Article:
My friend Larry Magid, the co-director of ConnectSafely.org (with Anne Collier) and founder of SafeKids.com, has a sharp new piece up at CBS News.com entitled, “Stop Cyberbullying with Education,” in which he rightly points out how “we need to be careful with legislation that would outlaw cyberbullying.” He points out that although cyberbullying is “not an epidemic and it’s not killing our children”:
Bullying has always been a problem among adolescents and, sadly, so has suicide. In the few known cases of suicide after cyberbullying, there are other contributing factors. That’s not to diminish the tragedy or suggest that the cyberbullying didn’t play a role but–as with all online youth risk, we need to look at what else was going on in the child’s life. Even when a suicide or other tragic event doesn’t occur, cyberbullying is often accompanied by a pattern of offline bullying and sometimes there are other issues including long-term depression, problems at home, and self-esteem issues.
He goes on to provide some solid advice:
identifying the reasons kids are acting as bullies can go a long way toward preventing it as can educational programs that stress ethics and cyber citizenship (“netiquette”). It also helps kids to know what to do if they are victims of bullying. At ConnectSafely.org (a site I help operate) we came up with a number of tips including: don’t respond, don’t retaliate; talk to a trusted adult; and save the evidence. We also advise young people to be civil toward others and not to be bullies themselves. Finally, “be a friend, not a bystander.” Don’t forward mean messages and let bullies know that their actions are not cool.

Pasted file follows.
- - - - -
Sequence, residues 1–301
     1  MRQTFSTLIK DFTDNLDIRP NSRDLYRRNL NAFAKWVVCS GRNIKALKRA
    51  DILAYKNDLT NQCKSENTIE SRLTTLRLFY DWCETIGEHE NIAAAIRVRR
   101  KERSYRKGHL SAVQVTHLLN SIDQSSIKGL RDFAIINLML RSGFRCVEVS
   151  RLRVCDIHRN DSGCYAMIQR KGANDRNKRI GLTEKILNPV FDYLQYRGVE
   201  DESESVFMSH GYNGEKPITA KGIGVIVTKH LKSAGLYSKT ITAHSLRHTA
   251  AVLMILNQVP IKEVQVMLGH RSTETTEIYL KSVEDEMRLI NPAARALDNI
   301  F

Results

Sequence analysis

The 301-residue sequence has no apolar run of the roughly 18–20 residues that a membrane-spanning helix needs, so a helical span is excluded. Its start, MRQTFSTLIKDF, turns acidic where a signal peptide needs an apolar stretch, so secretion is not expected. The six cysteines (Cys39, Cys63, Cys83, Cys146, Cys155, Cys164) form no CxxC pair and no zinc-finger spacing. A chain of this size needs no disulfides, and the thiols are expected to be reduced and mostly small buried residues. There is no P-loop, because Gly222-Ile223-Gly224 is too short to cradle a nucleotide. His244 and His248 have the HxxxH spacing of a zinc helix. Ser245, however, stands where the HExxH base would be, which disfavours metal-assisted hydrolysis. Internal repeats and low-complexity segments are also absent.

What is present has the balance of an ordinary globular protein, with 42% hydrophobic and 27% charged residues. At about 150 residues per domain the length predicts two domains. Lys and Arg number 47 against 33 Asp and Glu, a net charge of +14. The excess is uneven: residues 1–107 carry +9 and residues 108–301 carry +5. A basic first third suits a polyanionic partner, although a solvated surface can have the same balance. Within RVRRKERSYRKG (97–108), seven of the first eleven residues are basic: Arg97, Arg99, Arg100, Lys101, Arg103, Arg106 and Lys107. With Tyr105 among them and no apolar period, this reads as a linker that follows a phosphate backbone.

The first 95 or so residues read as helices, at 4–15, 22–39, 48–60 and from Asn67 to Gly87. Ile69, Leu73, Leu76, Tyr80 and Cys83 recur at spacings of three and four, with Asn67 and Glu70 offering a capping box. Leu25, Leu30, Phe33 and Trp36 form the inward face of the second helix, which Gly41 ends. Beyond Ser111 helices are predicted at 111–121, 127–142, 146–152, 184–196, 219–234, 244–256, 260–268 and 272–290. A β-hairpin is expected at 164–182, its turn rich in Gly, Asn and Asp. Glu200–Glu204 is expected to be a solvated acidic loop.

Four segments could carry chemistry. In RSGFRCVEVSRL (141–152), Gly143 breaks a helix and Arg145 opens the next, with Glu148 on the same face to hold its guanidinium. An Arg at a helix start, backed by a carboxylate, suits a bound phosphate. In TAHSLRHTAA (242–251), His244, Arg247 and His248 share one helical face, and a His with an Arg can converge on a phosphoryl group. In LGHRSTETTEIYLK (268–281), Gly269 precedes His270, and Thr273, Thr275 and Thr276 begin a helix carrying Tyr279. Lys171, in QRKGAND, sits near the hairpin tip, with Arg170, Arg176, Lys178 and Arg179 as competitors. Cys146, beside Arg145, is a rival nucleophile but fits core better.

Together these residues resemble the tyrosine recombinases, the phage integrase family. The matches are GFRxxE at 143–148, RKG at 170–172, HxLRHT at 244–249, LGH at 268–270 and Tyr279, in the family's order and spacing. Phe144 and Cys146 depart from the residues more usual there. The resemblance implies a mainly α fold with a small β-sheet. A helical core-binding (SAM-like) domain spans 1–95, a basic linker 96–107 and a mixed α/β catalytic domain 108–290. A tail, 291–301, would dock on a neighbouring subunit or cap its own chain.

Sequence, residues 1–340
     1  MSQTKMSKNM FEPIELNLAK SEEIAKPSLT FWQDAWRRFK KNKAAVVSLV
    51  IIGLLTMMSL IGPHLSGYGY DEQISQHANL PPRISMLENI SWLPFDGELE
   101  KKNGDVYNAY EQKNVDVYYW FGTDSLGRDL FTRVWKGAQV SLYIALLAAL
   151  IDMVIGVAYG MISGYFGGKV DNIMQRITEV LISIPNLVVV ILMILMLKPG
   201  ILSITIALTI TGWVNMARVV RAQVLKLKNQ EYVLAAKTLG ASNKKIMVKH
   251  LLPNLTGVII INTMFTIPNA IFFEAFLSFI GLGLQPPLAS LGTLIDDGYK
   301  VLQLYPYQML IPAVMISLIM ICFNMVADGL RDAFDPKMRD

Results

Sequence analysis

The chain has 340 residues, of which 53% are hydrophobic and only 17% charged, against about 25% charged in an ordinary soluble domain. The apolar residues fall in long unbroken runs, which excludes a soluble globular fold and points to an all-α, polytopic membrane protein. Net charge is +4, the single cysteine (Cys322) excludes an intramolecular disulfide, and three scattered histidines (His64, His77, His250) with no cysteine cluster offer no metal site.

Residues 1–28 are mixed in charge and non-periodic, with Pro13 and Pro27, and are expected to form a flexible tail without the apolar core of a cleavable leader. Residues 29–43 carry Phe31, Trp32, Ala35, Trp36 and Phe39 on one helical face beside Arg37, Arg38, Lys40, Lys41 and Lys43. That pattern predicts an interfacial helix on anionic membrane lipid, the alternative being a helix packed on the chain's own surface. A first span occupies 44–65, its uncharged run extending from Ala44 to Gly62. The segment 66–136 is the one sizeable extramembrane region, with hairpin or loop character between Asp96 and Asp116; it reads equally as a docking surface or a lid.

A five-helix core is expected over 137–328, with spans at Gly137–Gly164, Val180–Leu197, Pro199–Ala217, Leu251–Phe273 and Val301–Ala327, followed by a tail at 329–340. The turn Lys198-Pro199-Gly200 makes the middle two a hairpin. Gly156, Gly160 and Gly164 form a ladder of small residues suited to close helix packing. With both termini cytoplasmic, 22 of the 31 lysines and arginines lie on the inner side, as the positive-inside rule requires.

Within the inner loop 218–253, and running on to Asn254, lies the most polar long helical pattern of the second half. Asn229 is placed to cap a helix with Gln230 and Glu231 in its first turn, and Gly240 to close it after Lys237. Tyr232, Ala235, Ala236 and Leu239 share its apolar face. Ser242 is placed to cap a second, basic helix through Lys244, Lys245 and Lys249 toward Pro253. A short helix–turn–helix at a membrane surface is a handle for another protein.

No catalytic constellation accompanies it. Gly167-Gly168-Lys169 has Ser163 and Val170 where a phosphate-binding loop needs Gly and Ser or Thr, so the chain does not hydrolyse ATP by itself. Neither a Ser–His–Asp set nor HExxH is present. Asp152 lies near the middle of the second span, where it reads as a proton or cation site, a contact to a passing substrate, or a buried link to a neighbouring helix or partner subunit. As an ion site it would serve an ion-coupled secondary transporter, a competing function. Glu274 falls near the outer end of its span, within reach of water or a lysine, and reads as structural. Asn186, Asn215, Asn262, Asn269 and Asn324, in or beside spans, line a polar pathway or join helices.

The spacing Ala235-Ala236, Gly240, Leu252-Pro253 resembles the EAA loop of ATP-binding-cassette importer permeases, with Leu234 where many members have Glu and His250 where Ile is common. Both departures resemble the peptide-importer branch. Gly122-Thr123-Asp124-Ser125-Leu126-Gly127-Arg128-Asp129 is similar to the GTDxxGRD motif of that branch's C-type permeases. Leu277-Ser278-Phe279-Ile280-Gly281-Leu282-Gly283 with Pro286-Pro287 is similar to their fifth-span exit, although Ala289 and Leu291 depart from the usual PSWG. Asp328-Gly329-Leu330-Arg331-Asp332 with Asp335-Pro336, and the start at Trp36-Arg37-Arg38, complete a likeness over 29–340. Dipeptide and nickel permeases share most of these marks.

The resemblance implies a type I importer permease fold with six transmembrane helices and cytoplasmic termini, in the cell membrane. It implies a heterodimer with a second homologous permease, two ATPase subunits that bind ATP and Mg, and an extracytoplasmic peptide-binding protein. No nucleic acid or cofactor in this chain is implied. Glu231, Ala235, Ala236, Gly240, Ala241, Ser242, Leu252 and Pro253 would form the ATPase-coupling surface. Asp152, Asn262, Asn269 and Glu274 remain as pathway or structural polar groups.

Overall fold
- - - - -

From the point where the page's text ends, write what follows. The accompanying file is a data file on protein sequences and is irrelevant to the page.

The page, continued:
If your child is a victim of cyberbullying, don’t start by taking away his or her Internet privileges. That’s one reason kids often don’t talk about Net-related problems with parents. Instead, try to get your child to calmly explain what has happened. If possible, talk with the parents of the other kids involved and, if necessary, involve school authorities. If the impact of the bullying spills over to school (as it usually does), the school has a right to intervene.
And Larry cautions against rushing into legislative solutions that would criminalize the problem and throw the book at kids instead of adopting a more sensible education and counseling approach to the problem. This is very much in line with the approach Berin Szoka and I set forth in our recent PFF white paper, “Cyberbullying Legislation: Why Education is Preferable to Regulation.” While some truly troubled teens who instigate truly awful cyber-bullying attacks might deserve some time in the juvenile justice system, that shouldn’t be our first option for all kids involved in incidents. Anyway, read Larry’s essay.